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Newington Causeway

Party wall matters at a high rise building and railway viaduct

Murray Birrell was appointed by a private developer to manage party wall matters relating to the construction of a high rise commercial building adjacent to a railway viaduct on a busy road in London SE1.

The project also involved the demolition of an existing bank, including removing the safe from lower ground level. The new construction involved forming a double storey basement and a 70 metre high apartment block on a very complex site. We had to negotiate Network Rail’s serious concerns about debris falling on the rail track, and also the potential problems of forming a deep basement and the removal of material. The outcome was a successful redevelopment in a challenging location, with party wall matters resolved successfully.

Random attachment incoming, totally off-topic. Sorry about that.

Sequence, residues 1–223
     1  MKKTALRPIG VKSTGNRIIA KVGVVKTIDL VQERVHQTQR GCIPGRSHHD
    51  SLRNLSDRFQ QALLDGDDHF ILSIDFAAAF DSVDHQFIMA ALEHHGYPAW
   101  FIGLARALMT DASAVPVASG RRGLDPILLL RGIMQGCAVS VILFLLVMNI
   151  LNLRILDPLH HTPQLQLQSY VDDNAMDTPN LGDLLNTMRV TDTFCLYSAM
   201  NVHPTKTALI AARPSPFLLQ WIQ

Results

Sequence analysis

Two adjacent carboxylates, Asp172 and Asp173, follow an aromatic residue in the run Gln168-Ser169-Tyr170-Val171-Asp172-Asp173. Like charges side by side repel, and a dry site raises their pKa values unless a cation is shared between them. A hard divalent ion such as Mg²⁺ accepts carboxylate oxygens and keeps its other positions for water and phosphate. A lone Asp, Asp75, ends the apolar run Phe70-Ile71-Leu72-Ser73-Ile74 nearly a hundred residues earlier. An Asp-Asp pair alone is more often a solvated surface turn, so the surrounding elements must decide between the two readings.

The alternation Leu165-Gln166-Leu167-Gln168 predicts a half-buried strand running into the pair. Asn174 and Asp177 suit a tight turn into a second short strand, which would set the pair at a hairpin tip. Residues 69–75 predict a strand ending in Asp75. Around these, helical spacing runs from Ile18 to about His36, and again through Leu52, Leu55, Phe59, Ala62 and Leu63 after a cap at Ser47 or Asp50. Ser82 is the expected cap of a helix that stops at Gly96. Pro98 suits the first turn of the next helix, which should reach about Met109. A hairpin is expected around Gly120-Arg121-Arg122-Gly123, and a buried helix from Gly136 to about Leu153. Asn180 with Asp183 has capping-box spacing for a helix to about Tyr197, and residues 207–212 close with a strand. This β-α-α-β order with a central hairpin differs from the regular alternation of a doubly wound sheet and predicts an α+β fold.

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The viaduct spans Newington Causeway, a busy main road in Southwark, and consists of a series of brick arches supported by cast-iron columns. It was built in the mid-19th century as part of the London, Brighton, and South Coast Railway's extension to London Bridge station. The arches were designed to allow traffic to pass underneath the railway, while the columns support the weight of the tracks and trains.

The viaduct was designed by the prominent Victorian engineer, Sir William Cubitt, and was completed in 1864. At the time, it was one of the largest and most impressive railway structures in London, and it helped to transform the city's transportation system. It is now a Grade II listed structure.

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